“If this financial crisis taught us anything,” Obama declared on the night he was elected president, “it’s that we cannot have a thriving Wall Street while Main Street suffers.” But in 2011 we have a thriving, even bloated Wall Street -- while many can’t find a job.
For Doan to yammer about good government anyway is beyond a joke, considering how she politicized the GSA when she ran it under our prior ruling cabal (here). And besides, somebody in government has to act like adults and try to pass a jobs bill (the Dems by default), because, as noted here…
Economists will long debate whether President Obama’s policies are to blame or the patient was just sicker than his economists realized. But there is no doubt that the pace of this recovery will come nowhere close to matching the one achieved after the last deep recession, when President Ronald Reagan presided over a fall in the unemployment rate from 10.8 percent in December 1982 to 7.3 percent two years later.Yes, we are in “uncharted waters.” And a big part of the reason why is because of the accelerated pace of offshoring, which Mankiw once called "just a new way to do international trade” here and “a plus for the economy in the long run” (I wonder, then, if telling all of our corporate media know-it-alls like Mankiw that opinion columns will now be published only from Mumbai, Bangalore and Guangzhou would be “just a new way to do corporate media punditry”?).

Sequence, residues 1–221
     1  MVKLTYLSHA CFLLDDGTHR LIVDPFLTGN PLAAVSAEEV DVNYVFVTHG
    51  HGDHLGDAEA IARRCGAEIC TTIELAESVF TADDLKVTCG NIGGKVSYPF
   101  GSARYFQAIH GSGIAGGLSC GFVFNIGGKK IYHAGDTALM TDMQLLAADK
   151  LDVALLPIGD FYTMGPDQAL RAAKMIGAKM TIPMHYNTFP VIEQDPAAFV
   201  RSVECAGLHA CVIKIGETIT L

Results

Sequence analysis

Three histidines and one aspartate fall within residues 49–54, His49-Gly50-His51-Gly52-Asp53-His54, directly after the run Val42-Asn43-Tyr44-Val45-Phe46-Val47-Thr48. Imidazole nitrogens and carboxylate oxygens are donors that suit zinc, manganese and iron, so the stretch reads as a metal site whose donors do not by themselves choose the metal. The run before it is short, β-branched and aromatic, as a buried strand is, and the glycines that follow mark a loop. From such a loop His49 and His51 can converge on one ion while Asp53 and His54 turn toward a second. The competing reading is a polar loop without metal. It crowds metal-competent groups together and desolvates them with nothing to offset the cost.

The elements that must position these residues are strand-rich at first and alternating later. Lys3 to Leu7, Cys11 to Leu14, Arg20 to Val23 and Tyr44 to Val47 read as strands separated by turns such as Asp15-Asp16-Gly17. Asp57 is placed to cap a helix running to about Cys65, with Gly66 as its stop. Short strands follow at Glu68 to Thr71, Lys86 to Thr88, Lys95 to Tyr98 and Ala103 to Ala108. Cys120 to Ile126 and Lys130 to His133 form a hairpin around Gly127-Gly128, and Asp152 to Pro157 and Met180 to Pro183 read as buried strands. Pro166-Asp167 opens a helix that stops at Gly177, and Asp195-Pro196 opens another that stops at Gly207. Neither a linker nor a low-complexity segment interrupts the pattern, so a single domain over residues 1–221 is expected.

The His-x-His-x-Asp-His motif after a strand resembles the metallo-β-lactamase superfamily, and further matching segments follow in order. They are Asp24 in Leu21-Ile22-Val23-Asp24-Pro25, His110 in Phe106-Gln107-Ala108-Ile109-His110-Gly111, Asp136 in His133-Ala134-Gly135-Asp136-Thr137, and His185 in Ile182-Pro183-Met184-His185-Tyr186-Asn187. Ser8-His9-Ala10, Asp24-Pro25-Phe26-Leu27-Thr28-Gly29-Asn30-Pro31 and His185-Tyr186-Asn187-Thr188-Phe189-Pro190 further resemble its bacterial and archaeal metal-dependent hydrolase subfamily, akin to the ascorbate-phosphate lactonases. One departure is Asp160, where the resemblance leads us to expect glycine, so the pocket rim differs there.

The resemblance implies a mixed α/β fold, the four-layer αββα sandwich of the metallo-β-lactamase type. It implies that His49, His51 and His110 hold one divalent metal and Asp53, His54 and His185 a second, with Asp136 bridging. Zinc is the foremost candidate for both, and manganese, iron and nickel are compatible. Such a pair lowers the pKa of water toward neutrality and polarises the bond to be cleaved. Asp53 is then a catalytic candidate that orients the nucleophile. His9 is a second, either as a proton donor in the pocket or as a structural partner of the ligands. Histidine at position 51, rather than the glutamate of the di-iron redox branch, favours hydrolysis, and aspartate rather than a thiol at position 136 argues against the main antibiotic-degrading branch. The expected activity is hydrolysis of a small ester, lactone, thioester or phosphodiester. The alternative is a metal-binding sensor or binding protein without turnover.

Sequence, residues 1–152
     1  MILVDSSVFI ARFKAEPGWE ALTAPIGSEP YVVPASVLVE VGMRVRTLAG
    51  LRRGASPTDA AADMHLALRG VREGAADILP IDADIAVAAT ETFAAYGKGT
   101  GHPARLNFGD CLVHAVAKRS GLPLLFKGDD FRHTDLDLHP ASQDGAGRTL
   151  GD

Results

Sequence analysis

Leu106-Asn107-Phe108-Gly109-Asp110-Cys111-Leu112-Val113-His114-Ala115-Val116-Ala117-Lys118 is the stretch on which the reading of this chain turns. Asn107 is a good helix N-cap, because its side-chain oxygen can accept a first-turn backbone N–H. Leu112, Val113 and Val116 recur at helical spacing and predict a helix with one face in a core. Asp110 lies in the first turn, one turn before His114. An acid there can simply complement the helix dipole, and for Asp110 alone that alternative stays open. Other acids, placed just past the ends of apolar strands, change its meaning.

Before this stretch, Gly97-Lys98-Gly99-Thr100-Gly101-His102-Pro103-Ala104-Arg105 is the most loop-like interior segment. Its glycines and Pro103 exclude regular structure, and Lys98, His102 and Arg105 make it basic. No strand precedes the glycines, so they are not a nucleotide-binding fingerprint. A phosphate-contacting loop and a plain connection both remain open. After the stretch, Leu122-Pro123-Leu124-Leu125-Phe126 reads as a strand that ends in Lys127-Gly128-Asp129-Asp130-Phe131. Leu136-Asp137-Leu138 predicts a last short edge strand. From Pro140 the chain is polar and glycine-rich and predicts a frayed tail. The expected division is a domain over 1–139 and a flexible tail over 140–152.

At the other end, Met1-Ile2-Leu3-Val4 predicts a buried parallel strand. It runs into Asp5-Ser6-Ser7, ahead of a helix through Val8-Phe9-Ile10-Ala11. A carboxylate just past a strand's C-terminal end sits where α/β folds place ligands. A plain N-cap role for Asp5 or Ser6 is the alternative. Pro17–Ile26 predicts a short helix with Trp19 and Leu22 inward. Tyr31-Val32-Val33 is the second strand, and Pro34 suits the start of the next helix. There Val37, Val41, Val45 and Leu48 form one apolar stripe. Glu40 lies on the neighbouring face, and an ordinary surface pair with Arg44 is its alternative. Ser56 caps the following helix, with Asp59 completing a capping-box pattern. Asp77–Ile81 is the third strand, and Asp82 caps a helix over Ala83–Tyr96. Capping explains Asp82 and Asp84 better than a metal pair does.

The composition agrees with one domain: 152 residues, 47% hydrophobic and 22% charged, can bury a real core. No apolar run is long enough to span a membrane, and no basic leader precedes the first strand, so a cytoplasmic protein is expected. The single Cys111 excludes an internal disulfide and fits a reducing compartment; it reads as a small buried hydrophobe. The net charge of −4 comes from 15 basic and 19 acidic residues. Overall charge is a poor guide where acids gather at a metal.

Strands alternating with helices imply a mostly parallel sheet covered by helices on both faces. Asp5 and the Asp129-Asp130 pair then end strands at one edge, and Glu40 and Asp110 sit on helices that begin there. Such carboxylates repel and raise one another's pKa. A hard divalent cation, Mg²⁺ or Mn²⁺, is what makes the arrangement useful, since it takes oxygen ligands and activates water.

Looking ahead, an open issue is whether the recession will leave scars that prevent a return to jobless rates that were considered normal just a few years ago. A striking feature of today’s labor market is the rise of long-term joblessness. The average duration of unemployment is now almost 40 weeks, about twice what it reached in previous recessions. The long-term unemployed may well lose job skills and find their future prospects permanently impaired. But because we are in uncharted waters, it is hard for anyone to be sure.
And as noted here…